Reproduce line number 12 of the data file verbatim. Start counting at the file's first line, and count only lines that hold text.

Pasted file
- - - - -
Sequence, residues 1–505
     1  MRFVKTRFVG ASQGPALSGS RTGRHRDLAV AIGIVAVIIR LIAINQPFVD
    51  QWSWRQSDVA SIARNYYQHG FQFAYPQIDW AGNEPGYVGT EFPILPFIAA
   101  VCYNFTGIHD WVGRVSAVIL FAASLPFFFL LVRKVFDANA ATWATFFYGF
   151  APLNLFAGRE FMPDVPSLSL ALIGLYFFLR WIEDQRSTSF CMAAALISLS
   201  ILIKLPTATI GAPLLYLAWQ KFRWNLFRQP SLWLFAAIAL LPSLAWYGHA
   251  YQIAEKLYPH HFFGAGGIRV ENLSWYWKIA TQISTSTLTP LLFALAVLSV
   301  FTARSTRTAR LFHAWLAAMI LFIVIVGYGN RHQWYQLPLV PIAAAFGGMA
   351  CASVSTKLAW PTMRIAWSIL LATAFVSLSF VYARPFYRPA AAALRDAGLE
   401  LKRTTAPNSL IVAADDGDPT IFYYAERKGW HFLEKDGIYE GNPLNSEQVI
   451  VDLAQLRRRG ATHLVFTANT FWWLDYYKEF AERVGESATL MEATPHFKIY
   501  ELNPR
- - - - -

   501  ELNPR